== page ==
12 Residential Foundation Insulation EXTERIOR SIDING DRAINAGE PLANE RIGID INSULATING SHEATHING SET FLOOR PLATFORM BACK TO ALIGN SHEATHING AND BASEMENT WALL CAVITY GYPSUM WALLBOARD WITH LOW PERM PAINT OR POLYETHYLENE VAPOR BARRIER BEHIND SEALANT UNFACED BATT WOOD JOIST EXTERIOR SIDING DRAINAGE PLANE RIGID INSULATING SHEATHING SET FLOOR PLATFORM BACK TO ALIGH SHEATHING AND BASEMENT WALL CAVITY GYPSUM WALLBOARD WITH LOW PERM PAINT OR POLYETHYLENE VAPOR BARRIER BEHIND SEALANT UNFACED BATT WOOD JOIST SLOPE GROUND 5% AWAY FROM WALL TOP SOIL FABRIC FILTER LOW PERMEABILITY BACKFILL (CLAY) PERMEABLE SOIL (WOOD FREE) SILL SEALER AIR SPACE OR FOAM 2x4orSTUD WALL CONCRETE FOUNDATION WALL BATT DAMPPROOFING (WATERPROOFING IF HABITABLE SPACE) DRYWALL OPTIONAL SEALANT OVER JOINT FILLER CONCRETE SLAB SLOPE GROUND 5% AWAY FROM WALL TOP SOIL FABRIC FILTER LOW PERMEABILITY BACKFILL (CLAY) DAMPPROOFING PERMEABLE SOIL (WOOD FREE) SILL SEALER FACED BATT CONCRETE STEM WALL POLYETHYLENE VAPOR RETARDER COARSE CLEAN GRAVEL 4 IN. PERFORATED DRAIN PIPE UNDISTURBED SOIL POLYETHYLENE VAPOR RETARDER GRAVEL BASE CONCRETE FOOTING CAPILLARY BREAK Interior basement walls can also be insulated with batt or blown insulation placed between furring strips or non-bearing stud walls. The bottom plate should be treated and an effective vapor retarder placed on the inside surface. Particular care should be taken to avoid surface or ground water penetration. Interior Batt or Blown Basement Insulation COARSE CLEAN GRAVEL 4 IN. PERFORATED DRAIN PIPE UNDISTURBED SOIL CONCRETE FOOTING CAPILLARY BREAK Crawl spaces can be insulated with board insulation on the exterior or interior just like a basement wall. Alternatives are to insulate the floor joist cavities with batts or blown insulation or to insulate the interior of the foundation wall with poly wrapped batts. Make sure to install a well sealed vapor barrier on the floor. Interior Crawlspace Insulation Total Installed Cost ($/lineal foot for R-Value shown) $0 $10 $ Recommended Minimum Basement Wall R-Value Total Installed Cost ($/lineal foot for R-Value shown) $0.00 $5.00 $ Recommended Minimum Crawl Space Wall R-Value. 1 = R-11 poly faced, R-15 Kraft faced w/ drywall =batt Suitability Poor Good Best N. A. N. A. N. A. ($/lineal foot/year) (R-Values Recommended Above) Suitability Poor Good Best ($/lineal foot/year) (R-Values Recommended Above) N. A. 10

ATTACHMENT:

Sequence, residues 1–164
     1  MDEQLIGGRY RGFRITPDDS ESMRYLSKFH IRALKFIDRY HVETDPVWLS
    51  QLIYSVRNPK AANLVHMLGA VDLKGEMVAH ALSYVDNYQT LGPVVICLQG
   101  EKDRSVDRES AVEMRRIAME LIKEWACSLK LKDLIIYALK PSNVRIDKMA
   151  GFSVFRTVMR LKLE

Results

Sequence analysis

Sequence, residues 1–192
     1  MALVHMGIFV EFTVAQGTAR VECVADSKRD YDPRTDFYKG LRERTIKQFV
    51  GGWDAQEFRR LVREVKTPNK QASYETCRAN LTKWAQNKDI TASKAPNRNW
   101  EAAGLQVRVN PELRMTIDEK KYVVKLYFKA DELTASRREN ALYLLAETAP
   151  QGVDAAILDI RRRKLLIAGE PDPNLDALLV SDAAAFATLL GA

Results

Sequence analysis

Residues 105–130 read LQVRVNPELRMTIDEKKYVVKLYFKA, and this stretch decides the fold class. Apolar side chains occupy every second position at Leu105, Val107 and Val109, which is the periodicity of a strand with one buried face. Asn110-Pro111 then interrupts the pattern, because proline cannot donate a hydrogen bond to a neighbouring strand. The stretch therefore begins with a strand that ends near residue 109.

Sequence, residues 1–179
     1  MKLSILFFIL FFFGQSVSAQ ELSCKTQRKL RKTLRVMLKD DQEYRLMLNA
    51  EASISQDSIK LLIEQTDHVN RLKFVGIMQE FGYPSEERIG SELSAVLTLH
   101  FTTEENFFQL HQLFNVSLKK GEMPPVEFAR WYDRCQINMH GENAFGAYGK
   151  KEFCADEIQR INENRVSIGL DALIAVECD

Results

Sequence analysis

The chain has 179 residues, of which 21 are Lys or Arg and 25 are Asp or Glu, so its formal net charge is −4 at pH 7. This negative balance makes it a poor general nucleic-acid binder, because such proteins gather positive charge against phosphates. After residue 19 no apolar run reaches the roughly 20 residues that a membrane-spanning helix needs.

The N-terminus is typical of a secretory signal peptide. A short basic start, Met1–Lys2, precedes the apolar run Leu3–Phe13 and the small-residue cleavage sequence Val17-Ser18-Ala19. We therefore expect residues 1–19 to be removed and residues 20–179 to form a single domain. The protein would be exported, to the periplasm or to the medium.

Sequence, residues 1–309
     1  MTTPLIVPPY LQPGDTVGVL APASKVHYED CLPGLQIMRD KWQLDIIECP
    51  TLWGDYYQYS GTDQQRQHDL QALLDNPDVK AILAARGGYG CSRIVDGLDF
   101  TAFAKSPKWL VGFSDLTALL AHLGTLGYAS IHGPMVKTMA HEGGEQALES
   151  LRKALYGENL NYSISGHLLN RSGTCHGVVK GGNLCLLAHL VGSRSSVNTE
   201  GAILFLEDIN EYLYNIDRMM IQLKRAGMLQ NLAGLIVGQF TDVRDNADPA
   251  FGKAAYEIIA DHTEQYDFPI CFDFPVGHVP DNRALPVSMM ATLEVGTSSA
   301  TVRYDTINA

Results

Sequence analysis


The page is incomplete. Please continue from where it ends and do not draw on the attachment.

13 Residential Foundation Insulation EXTERIOR SIDING DRAINAGE PLANE CAVITY IN 2 x4 OR 2 x 6 WALL EXTERIOR SIDING DRAINAGE PLANE CAVITY IN 2 x4 OR 2 x 6 WALL RIGID INSULATING SHEATHING CANTILEVER PLATE TO COVER PROTECT TO 6" BELOW GRADE W/ METAL, CEMENT BOARD, OR "STUCCO" SLOPE GROUND 5% AWAY FROM WALL TOP SOIL GYPSUM WALLBOARD WITH LOW PERM PAINT OR POLYETHYLENE VAPOR BARRIER BEHIND SILL SEALER OVER TERMITE SHIELD SEALANT OVER JOINT FILLER CONCRETE SLAB RIGID INSULATING SHEATHING SET BACK PLATE TO ALIGN WITH FOUNDATION SLOPE GROUND 5% AWAY FROM WALL TOP SOIL GYPSUM WALLBOARD WITH LOW PERM PAINT OR POLYETHYLENE VAPOR BARRIER BEHIND SILL SEALER OVER TERMITE SHIELD RIGID FOAM CONCRETE SLAB LOW PERMEABILITY BACKFILL (CLAY) POLYETHYLENE VAPOR RETARDER GRAVEL BASE CONCRETE FOUNDATION WALL LOW PERMEABILITY BACKFILL (CLAY) POLYETHYLENE VAPOR RETARDER GRAVEL BASE CONCRETE FOUNDATION WALL RIGID FOAM UNDISTURBED SOIL CONCRETE FOOTING UNDISTURBED SOIL CONCRETE FOOTING Foam boards are the most common form of exterior slab-on-grade insulation. The above grade portion must have UV and structural protection and a metal termite shield is recommended. Foundations in climate zone 1 in the colder northwest should be insulated to a depth of four feet. Exterior Slab-on-Grade Insulation Interior slab-on-grade insulation can be horizontal. Interior placement avoids the need for protection, but may require cutting small pieces and more difficult details. Interior Slab-on-Grade Insulation Total Installed Cost ($/lineal foot for R-Value shown) $0 $5 $ Recommended Minimum Slab Perimeter R-Value Total Installed Cost ($/lineal foot for R-Value shown) $0 $5 $ Recommended Minimum Slab Perimeter R-Value = board N.A. 2 ft. depth = board. 2 ft. depth Suitability Poor Good Best ($/lineal foot/year) (R-Values Recommended Above) Suitability Poor Good Best ($/lineal foot/year) (R-Values Recommended Above) 11